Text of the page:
CHARLESTON - State residents want the Legislature to protect people's Second Amendment rights, a Wood County senator said.
Sen. David Nohe, R-Wood, introduced a bill he believes would protect people's right to bear arms, even in the face of possible federal laws and mandates.
He and other state lawmakers have gotten a large number of emails daily asking for lawmakers to do something.
''I have been in an elected position for over 16 years and I have never had this many requests to do something,'' Nohe said. ''There are literally thousands of them.''
The issue of gun control was back in the news after 26 people, including school children, were fatally attacked at Sandy Hook Elementary School in Newtown, Conn. Supporters of stricter gun laws said tragedies like this one could have been avoided with strong laws limiting access to guns for some people.
Opponents said a determined individual can still get a gun and carry out an attack. Such laws would only hinder law-abiding citizens who use guns responsibly, they said.
SB 420 was introduced by Nohe this week and was co-sponsored by Sens. Dave Sypolt, R-Preston; Craig Blair, R-Berkeley; Donna Boley, R-Pleasants; Mitch Carmichael, R-Jackson; Bill Cole, R-Mercer; Daniel J. Hall, D-Wyoming, and Chris Walters, R-Putnam.
Nohe said he has gotten a lot of support from senators who signed on to the bill.
''We are all getting calls to do something,'' he said. ''I want people to know that we are listening to them and that we responded.''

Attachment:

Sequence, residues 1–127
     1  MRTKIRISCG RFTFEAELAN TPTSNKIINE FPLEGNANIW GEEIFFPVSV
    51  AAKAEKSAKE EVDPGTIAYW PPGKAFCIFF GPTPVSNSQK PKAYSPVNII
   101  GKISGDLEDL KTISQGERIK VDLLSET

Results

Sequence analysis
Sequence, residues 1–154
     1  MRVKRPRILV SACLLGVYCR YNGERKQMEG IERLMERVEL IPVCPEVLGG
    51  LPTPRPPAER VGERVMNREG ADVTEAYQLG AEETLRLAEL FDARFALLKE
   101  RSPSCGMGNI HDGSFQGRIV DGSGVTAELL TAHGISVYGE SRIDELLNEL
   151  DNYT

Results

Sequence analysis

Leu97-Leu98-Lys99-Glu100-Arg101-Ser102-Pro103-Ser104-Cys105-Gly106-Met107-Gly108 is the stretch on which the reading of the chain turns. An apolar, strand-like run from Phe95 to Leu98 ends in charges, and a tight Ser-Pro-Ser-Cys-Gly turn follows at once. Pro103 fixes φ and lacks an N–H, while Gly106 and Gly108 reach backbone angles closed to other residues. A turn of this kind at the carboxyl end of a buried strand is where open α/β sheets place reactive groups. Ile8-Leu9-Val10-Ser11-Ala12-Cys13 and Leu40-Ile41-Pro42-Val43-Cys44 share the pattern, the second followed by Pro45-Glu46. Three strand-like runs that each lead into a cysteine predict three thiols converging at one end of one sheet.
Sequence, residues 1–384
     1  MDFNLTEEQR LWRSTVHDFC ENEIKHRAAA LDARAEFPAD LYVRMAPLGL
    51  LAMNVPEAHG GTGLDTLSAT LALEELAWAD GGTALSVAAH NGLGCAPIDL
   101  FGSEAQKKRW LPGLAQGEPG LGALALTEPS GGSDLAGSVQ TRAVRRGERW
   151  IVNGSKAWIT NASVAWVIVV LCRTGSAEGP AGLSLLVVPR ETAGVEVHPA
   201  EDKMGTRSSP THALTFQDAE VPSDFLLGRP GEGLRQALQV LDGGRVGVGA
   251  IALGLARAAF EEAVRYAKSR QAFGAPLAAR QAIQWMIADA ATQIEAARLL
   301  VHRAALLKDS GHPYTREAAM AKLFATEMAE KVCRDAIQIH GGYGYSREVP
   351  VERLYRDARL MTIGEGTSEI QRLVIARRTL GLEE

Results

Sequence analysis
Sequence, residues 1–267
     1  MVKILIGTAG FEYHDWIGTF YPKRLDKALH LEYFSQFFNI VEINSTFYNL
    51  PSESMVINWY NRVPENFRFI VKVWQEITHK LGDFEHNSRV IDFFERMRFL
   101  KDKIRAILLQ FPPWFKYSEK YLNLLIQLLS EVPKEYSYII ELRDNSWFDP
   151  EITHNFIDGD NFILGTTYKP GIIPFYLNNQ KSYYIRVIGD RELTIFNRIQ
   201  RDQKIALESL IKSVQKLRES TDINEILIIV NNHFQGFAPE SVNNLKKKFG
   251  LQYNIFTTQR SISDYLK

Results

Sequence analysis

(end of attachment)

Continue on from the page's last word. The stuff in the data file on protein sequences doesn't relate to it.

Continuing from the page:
Under the bill, called the Firearm Protection Act, any federal law that attempts to ban semiautomatic firearms or to limit the size of a magazine of a firearm or other limitation on firearms in this state is unenforceable in West Virginia.
The bill states a public servant or a dealer "selling any firearm in this state may not enforce or attempt to enforce any act, law, statute, rule or regulation of the United States government relating to a personal firearm, firearm accessory or ammunition that is owned or manufactured commercially or privately in West Virginia and that remains exclusively within the borders of West Virginia."
"The attorney general may defend a citizen of West Virginia who is prosecuted by the United States government for violation of a federal law relating to the manufacture, sale, transfer or possession of a firearm, a firearm accessory or ammunition owned or manufactured and retained exclusively within the borders of West Virginia," the bill states.
Nohe said he does not see his bill as trying to circumvent federal law, but to protect people's rights.
By defending the rights of one person, the attorney general would be defending the state as well, he said.
Nohe said he wanted the bill to hold muster if challenged in court so he ran it by state attorneys for review, including from the Attorney General's Office.
Attorney General Patrick Morrisey is a strong supporter of the Second Amendment and is working to advance the rights of lawful gun owners, said Beth Ryan, communications director for the West Virginia Attorney General's Office.
''Within the past two months, this office has proposed a number of different initiatives to protect gun rights and expand reciprocity agreements with other states,'' Ryan said. ''At this point, this office has not taken an official position with respect to this proposal, but we will always continue to look for ways to protect our citizens' gun rights."
The bill was sent to the Judiciary Committee, on which Nohe sits, Monday to be worked on.
For years, Nohe said, he did not believe the Second Amendment was under threat.
''Now, I believe it could be threatened,'' he said. ''I really hope we can get this bill through.''